Eligibility for Order of Nondisclosure

An individual who completes deferred adjudication for a Class B misdemeanor or a higher offense may be eligible for an order of nondisclosure. This order prevents law enforcement agencies, jails, courts and other public information agencies from releasing the individual’s arrest information to private third parties, such as employers. The order does not prevent law enforcement agencies from sharing information with one another or certain authorized agencies, such as school districts.

Shock Community Supervision

Shock community supervision is a type of supervision that a judge retains after they sentence an offender to jail or prison. The judge retains jurisdiction over the defendant for 180 days from the date that the defendant’s sentence begins. A judge retains jurisdiction over a state jail felon for the entire time that the felon is incarcerated. During the 180-day period or the period of incarceration for a state jail felon, the judge can suspend the sentence and put the defendant on community supervision, or supervised probation.

If a misdemeanor offender is eligible for regular community supervision, they are eligible for shock supervision. A felony offender qualifies for shock supervision if they were eligible for regular supervision, their original sentence was no longer than 10 years, they have not been previously incarcerated for a felony offense, and they have not committed an offense that prevents placement under supervision.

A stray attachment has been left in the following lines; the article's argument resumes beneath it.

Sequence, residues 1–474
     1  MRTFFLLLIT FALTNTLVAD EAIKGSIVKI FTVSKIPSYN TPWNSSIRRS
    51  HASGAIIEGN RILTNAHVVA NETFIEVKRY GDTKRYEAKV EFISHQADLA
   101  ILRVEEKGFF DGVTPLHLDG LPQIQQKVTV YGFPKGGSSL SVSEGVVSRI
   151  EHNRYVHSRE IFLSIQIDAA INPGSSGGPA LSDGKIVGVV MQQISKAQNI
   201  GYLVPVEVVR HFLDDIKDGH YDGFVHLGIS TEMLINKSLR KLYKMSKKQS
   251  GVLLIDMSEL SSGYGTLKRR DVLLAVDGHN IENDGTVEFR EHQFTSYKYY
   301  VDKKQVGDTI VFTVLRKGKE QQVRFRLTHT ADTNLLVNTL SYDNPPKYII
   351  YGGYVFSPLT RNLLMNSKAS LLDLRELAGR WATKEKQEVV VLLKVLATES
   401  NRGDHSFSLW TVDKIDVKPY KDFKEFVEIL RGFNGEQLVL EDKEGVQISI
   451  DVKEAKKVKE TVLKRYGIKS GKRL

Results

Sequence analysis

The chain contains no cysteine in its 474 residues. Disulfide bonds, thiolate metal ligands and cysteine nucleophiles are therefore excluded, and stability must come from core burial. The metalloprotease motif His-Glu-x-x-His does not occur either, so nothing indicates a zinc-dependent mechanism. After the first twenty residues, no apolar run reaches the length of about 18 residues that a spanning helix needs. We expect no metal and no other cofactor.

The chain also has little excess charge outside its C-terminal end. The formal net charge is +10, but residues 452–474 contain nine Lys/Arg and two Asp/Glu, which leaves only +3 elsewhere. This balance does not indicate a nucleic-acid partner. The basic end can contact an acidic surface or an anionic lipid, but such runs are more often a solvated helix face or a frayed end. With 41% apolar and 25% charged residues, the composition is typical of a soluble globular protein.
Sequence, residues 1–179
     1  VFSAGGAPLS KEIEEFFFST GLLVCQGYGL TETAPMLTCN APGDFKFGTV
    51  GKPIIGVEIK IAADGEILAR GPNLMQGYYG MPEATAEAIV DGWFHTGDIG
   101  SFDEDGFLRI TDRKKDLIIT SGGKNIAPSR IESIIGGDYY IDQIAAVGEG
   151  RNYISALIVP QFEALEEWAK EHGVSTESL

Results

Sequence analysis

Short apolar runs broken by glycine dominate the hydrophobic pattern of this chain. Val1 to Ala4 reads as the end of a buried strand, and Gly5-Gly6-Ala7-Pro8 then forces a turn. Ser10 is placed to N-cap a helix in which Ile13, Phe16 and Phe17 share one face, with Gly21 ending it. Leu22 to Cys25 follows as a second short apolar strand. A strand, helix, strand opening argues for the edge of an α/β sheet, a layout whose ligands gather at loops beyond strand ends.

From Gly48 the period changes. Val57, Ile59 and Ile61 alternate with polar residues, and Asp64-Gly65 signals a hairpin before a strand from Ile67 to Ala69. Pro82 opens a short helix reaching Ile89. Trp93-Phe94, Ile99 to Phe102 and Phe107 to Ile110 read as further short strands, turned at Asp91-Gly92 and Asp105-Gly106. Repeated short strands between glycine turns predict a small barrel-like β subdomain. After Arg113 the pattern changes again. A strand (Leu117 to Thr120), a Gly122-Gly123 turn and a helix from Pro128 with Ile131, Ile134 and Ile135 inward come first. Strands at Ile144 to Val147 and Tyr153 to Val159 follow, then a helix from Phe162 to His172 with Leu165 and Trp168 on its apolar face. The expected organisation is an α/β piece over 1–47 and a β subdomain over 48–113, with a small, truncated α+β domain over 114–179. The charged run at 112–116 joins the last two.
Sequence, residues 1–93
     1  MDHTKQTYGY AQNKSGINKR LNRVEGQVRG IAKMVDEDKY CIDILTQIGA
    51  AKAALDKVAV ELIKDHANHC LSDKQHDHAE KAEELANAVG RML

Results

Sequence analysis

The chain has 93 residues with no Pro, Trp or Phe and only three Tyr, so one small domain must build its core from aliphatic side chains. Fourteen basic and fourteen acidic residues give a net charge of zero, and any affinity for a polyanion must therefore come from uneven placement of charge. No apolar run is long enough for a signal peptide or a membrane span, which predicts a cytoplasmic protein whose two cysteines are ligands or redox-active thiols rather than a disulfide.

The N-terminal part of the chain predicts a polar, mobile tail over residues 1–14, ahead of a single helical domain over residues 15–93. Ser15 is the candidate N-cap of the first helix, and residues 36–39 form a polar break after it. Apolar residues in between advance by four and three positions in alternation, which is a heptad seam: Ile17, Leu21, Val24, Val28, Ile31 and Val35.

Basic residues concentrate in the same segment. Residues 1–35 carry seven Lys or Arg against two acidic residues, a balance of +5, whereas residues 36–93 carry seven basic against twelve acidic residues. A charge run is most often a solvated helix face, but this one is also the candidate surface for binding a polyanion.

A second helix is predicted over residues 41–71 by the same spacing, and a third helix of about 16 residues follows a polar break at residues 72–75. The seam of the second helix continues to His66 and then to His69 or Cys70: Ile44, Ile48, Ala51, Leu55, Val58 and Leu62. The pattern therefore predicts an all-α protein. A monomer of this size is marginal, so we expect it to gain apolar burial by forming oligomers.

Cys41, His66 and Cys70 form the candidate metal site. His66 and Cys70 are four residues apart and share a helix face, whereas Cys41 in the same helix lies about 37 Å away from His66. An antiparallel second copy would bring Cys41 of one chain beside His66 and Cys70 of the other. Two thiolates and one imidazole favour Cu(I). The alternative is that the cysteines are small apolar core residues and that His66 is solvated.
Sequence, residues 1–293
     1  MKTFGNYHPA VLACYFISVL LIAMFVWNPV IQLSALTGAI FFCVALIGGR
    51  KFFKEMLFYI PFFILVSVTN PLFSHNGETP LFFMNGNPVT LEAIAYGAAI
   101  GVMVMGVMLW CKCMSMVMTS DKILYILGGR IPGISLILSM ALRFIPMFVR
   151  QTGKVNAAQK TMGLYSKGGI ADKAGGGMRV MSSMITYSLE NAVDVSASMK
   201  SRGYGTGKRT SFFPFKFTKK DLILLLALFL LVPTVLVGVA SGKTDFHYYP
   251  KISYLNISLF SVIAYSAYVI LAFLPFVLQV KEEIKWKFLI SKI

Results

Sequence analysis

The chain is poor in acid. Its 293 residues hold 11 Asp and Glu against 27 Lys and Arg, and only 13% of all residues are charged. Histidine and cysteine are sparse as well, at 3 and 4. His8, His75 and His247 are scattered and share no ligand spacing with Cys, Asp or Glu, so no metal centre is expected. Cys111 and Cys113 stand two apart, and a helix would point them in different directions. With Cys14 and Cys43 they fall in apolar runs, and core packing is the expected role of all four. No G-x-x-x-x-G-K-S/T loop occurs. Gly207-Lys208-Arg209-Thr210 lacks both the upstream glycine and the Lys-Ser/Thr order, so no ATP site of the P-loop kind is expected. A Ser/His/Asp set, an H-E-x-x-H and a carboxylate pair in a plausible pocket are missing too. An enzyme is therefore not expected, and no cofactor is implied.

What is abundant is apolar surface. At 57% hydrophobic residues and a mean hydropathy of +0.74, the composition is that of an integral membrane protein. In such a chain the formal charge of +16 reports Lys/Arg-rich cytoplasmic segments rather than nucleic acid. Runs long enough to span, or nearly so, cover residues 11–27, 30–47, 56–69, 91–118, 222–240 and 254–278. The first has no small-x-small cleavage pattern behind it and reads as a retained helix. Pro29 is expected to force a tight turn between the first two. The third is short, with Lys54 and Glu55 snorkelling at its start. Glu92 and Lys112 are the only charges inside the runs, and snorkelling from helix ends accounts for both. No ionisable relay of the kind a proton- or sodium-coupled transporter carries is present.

A person who is on shock felony supervision is not eligible to exercise civil rights such as the right to vote until they have been discharged from their sentence, including any term of incarceration, parole supervision or a period of community supervision.

Set Aside of a Conviction

An individual who has successfully completed probation within the past 30 days may be eligible to have their conviction set aside. The act of setting aside a conviction is called judicial clemency. The former offender must request a set aside because the action is not automatic.

When the court sets aside the conviction, the former offender is considered not to have been convicted of the offense. The judge who sentenced the defendant has discretion as to whether to set the conviction aside. After the court sets aside a conviction, the individual is no longer considered convicted of a crime, so their right to own a firearm can be restored.